In the United States, the federal Bill of Rights and the federal 14th Amendment recognize constitutionally protected Due Process rights which, if enforced, are a failsafe in favor of the individual and his "life, liberty, or property" (see 5th amendment) as against the rights of State and Federal governments.
Due Process properly includes all substantial rights protected by the Procedures of English Courts of Law or Equity when the federal Bill of Rights was adopted. (Developments in procedure between 1606 and 1789 will be disputable in the United States because of the differing ways the States received the statutes and common law of England. See Benson's "Reception of the Common Law in Missouri".)
English common law procedure includes the right to Jury Nullification whenever the Jury correctly finds an Act of a Legislature to be unconstitutional. The equivalent of the US constitution in British Commonwealth countries includes individual rights admitted in the Coronation Oath, Magna Carta, Bill of Rights, etc. (Note that British Commonwealth officials take their oath of office under the Coronation Oath, because the Crown is the monarch and his successors in a sovereign capacity under his coronation oath.)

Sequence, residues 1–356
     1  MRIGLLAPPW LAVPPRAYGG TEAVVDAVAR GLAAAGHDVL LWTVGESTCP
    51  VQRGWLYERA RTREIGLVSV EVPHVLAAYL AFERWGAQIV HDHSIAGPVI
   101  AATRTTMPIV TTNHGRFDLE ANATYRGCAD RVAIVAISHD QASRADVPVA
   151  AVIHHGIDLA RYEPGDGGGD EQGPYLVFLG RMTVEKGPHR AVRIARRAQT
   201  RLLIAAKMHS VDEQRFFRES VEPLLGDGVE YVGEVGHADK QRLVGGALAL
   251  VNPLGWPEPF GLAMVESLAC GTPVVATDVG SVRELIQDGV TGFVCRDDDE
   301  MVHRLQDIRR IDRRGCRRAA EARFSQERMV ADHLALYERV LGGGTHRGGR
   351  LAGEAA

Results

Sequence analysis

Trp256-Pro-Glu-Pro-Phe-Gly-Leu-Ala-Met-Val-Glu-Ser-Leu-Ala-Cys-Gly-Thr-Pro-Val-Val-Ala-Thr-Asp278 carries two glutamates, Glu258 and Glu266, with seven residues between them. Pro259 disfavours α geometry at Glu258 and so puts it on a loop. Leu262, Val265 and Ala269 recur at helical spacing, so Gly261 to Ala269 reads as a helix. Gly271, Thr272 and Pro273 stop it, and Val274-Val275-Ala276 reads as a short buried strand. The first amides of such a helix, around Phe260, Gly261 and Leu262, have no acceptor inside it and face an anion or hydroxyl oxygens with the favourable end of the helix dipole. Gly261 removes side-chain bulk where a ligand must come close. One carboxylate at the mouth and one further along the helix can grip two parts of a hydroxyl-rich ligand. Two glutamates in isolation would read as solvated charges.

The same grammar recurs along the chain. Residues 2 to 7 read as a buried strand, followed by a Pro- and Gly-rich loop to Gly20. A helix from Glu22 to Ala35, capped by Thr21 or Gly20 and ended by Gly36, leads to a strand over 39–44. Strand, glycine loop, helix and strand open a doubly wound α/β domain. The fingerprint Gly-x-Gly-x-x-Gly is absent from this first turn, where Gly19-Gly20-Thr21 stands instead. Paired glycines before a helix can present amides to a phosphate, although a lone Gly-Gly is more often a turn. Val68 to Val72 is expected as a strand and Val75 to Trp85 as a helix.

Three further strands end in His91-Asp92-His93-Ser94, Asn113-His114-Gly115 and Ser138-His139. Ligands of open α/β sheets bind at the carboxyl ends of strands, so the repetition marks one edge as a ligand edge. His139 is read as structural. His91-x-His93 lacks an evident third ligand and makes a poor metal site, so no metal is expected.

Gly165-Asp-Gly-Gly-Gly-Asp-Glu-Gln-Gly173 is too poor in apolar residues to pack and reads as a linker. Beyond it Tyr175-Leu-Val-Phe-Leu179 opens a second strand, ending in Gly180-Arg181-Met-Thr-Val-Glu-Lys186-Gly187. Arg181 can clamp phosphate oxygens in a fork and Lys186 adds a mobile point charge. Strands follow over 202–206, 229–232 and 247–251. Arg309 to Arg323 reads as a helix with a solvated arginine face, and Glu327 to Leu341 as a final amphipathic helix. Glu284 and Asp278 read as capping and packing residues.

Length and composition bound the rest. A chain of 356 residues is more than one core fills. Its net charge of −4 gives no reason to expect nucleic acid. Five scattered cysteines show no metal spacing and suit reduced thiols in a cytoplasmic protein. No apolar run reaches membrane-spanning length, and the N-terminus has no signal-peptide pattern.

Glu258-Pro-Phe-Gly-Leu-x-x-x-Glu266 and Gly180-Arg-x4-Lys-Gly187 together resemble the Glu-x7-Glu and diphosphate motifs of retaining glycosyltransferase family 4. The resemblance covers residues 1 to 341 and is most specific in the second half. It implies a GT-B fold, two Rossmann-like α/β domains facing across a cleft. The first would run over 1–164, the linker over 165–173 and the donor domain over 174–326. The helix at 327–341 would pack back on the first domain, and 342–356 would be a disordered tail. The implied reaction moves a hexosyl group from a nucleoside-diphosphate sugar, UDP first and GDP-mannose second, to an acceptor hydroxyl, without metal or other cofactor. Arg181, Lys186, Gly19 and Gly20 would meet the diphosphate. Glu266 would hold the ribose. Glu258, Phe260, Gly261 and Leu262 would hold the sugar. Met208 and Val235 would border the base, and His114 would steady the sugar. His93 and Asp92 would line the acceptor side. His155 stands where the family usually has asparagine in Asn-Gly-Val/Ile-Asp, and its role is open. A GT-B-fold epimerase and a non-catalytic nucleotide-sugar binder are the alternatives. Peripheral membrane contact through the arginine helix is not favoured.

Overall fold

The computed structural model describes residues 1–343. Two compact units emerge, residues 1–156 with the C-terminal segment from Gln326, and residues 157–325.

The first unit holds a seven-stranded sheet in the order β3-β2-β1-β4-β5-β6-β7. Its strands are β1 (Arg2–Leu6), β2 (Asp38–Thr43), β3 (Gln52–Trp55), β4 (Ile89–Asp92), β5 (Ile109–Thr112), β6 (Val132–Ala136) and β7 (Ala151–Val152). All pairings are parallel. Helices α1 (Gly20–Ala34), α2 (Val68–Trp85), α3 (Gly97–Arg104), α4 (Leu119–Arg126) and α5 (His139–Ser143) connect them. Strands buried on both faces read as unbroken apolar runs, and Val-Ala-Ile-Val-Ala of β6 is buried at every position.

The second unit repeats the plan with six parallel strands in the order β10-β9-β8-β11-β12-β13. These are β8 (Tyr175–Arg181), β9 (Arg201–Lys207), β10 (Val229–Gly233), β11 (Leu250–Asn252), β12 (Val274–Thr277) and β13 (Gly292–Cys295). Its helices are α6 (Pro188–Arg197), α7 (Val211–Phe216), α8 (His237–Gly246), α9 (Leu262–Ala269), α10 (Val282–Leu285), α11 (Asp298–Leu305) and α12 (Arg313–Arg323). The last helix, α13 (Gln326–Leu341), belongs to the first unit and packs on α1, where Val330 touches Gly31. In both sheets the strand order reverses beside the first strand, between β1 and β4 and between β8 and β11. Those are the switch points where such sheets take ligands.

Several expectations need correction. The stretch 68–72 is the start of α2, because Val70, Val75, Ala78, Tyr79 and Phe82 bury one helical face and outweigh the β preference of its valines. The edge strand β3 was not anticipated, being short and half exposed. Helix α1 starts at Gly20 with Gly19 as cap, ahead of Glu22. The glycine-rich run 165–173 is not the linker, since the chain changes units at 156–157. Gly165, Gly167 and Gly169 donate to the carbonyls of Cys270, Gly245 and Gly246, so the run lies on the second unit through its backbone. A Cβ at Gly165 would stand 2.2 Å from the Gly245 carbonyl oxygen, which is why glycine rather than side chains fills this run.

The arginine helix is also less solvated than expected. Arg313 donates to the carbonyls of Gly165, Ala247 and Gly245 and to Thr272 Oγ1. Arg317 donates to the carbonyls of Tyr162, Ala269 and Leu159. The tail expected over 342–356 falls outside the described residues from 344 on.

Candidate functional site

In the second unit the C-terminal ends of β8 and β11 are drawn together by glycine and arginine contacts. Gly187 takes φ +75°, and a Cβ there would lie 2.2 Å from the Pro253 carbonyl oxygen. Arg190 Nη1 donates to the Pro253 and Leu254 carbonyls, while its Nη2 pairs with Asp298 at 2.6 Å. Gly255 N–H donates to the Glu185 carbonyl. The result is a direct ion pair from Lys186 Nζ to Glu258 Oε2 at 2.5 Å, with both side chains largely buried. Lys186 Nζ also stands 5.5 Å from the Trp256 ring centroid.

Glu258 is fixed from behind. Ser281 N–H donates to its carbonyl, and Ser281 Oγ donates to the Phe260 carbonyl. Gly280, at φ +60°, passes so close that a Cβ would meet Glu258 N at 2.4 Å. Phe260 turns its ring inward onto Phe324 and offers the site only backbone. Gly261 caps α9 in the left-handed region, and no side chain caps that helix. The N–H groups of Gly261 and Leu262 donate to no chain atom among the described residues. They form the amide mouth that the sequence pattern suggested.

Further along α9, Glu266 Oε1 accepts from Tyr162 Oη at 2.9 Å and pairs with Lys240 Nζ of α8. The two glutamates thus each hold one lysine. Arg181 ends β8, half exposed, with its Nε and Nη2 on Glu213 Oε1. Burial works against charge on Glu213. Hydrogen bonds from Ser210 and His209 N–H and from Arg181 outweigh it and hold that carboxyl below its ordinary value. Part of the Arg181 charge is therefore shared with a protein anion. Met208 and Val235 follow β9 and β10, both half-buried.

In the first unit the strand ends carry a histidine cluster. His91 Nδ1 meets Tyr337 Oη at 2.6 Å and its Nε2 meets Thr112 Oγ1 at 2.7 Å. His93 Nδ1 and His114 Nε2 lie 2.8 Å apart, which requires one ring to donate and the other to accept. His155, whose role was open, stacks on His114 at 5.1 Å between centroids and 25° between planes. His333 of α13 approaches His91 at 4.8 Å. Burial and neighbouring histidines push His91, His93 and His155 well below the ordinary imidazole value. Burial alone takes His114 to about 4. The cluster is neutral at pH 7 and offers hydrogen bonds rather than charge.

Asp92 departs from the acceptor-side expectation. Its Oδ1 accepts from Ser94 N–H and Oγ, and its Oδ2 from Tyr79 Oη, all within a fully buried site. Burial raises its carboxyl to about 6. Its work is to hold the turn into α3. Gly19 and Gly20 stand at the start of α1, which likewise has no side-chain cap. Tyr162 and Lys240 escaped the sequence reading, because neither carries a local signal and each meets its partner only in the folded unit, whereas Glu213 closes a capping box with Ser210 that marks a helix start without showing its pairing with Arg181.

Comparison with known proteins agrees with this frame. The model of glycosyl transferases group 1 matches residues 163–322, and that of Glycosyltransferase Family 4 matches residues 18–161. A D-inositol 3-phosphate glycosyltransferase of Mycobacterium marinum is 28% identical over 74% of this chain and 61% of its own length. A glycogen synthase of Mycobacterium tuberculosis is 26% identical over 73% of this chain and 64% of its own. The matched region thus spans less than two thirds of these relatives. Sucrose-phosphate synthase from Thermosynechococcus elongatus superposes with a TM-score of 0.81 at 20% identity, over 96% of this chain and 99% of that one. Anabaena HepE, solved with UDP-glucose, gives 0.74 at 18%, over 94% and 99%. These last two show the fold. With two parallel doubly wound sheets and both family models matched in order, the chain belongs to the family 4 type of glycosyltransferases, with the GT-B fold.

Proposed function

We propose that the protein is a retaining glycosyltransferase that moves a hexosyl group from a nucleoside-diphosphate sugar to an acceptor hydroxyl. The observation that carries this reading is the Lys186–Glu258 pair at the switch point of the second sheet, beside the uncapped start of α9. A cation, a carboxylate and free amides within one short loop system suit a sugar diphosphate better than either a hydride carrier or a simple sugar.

Due Process rights also include individual procedural rights the governments admit via statutes passed subsequent to the ratification of the Bill of Rights, for example arising under the Administrative Procedures Act (1946), the Federal Register Act (1935), and the restrictions on the Federal Rules of Civil Procedure recognized by the Rules Enabling Act (1934).
Any time a judiciary adopts procedural rules which have the effect of violating substantial due process rights, the said rules should ideally be disputed by the injured parties in courts, administrative hearings, and before legislators.
Tragically, with the passage of time, the judiciaries have broadly acquiesced to applying Public Policy statements that work against private rights, such as Bar Association policies, unwritten corporate bylaws, unreasonable electronic user access policies, etc.